Cricket charity Chance to Shine has launched its ‘Schools’ cricket programme in Scotland for the first time, partnering with Cricket Scotland to take cricket into 18 schools in Aberdeenshire.
The charity aims to give all children the opportunity to play, learn and develop through cricket, teaching key life skills and supporting their physical, social and mental wellbeing. Cricket Scotland coaches have started working in Peterhead schools to bring cricket to more kids than ever before.
The Aberdeenshire programme is the first time that Chance to Shine has worked in Scotland and it will also be rolled out in Edinburgh later this month.
The initiative has been made possible thanks to financial support from Sir Donald Brydon, Chair and long-term supporter of Chance to Shine and Inverurie-based butcher Donald Russell and their parent company Vestey Holdings.
Sir Donald Brydon said: “It gives me great pride to be supporting Chance to Shine as we expand our work into Scotland. Cricket was an important part of my childhood, growing up in Edinburgh, and the new programmes offer a fantastic opportunity for children to experience the sport, learn new skills and develop their wider wellbeing.”
Chris Dunridge, Head of HR and Development at Donald Russell said: “It’s more important than ever that children are able to be active, so we are delighted to be supporting Chance to Shine in Aberdeenshire. The opportunity for children to learn new skills and life lessons through cricket will have a positive impact on our local community.”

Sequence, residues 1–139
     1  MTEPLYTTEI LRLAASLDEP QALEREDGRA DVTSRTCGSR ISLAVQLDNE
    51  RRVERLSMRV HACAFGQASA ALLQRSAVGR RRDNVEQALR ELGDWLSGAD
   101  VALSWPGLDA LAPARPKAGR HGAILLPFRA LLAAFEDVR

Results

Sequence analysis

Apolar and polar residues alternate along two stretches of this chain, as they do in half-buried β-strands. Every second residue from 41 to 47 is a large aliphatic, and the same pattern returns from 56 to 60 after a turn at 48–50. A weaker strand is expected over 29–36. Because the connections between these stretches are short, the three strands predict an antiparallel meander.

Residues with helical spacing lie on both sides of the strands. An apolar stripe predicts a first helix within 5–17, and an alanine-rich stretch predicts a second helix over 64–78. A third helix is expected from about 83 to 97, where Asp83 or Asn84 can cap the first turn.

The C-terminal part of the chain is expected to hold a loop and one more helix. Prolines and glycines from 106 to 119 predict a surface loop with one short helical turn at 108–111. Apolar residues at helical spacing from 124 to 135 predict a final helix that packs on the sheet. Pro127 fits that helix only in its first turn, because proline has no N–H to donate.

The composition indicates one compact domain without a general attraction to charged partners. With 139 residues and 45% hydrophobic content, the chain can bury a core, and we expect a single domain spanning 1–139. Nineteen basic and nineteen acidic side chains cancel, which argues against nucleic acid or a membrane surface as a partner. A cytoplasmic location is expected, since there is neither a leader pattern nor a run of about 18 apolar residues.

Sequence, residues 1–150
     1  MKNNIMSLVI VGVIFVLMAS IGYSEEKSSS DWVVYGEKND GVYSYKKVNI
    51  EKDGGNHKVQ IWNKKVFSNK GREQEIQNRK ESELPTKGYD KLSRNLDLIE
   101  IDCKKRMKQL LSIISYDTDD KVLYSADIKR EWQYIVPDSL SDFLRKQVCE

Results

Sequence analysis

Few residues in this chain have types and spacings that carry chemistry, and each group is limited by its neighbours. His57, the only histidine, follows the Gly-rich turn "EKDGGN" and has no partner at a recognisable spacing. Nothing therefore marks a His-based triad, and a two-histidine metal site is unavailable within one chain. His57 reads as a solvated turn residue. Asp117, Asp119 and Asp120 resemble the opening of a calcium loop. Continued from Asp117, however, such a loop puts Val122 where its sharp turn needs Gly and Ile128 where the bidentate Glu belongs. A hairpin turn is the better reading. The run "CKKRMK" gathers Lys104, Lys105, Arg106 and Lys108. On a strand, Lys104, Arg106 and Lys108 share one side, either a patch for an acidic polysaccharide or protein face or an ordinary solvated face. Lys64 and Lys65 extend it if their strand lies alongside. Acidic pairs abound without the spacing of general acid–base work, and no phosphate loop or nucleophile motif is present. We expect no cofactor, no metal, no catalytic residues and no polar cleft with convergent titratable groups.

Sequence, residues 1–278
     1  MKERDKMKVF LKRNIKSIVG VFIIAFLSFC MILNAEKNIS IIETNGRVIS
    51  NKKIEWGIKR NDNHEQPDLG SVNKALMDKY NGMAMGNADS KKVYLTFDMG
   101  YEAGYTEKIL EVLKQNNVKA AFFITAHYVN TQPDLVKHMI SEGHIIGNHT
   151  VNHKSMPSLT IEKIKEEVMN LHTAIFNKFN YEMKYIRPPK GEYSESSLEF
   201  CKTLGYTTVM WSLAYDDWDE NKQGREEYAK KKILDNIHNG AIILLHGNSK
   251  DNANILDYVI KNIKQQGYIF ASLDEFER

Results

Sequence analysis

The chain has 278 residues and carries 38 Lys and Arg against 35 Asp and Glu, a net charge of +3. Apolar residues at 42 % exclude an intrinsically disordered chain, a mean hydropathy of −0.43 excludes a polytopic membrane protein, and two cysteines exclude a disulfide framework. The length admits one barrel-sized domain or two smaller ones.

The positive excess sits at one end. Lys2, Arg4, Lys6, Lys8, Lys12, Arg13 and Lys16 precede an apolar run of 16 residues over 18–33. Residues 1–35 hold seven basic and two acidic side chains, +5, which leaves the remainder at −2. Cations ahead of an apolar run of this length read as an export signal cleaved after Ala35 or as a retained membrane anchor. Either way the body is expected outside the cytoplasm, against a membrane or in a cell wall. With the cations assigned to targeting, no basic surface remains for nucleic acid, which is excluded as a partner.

Children at Clerkhill Primary School have been benefitting from the programme. With coaching led by the Cricket Scotland Development Team, they have also been visited by Scotland players Michael Leask and Craig Wallace.
Scotland wicketkeeper Craig Wallace said: “I was lucky growing up that both my parents played cricket and that led to me playing. But if you have kids playing with their friends in school and enjoying it, then hopefully that will lead to kids pursuing it further. That’s why Chance to Shine is so good, because it gets into schools and makes cricket fun.”
Dr Martin Auld, a trustee of the North East Scotland Cricket SCIO said: “The North East Scotland Cricket Charity is delighted that Chance to Shine and Cricket Scotland have chosen this area to pilot a programme of cricket development for young people. Cricket has been played in North East Scotland since at least the 1850s and continuing to nurture and develop young players is crucial to the health of the game.”
While the Chance to Shine programme is already underway in schools, there will be even more opportunities for local kids to get involved through their ‘Street’ cricket programme launching in Peterhead after the summer holidays.
Chance to Shine Chief Operating Officer Steve Peyman said: “We’re thrilled to be taking our Schools and Street programmes to Scotland for the first time. Over the last 16 years we have seen the positive impact that cricket can have on children’s physical, mental and social wellbeing and the launch of our programmes in Scotland marks an exciting new step for the charity.”
“We are looking forward to working with Cricket Scotland to give more children the opportunity to play, learn and develop through cricket.”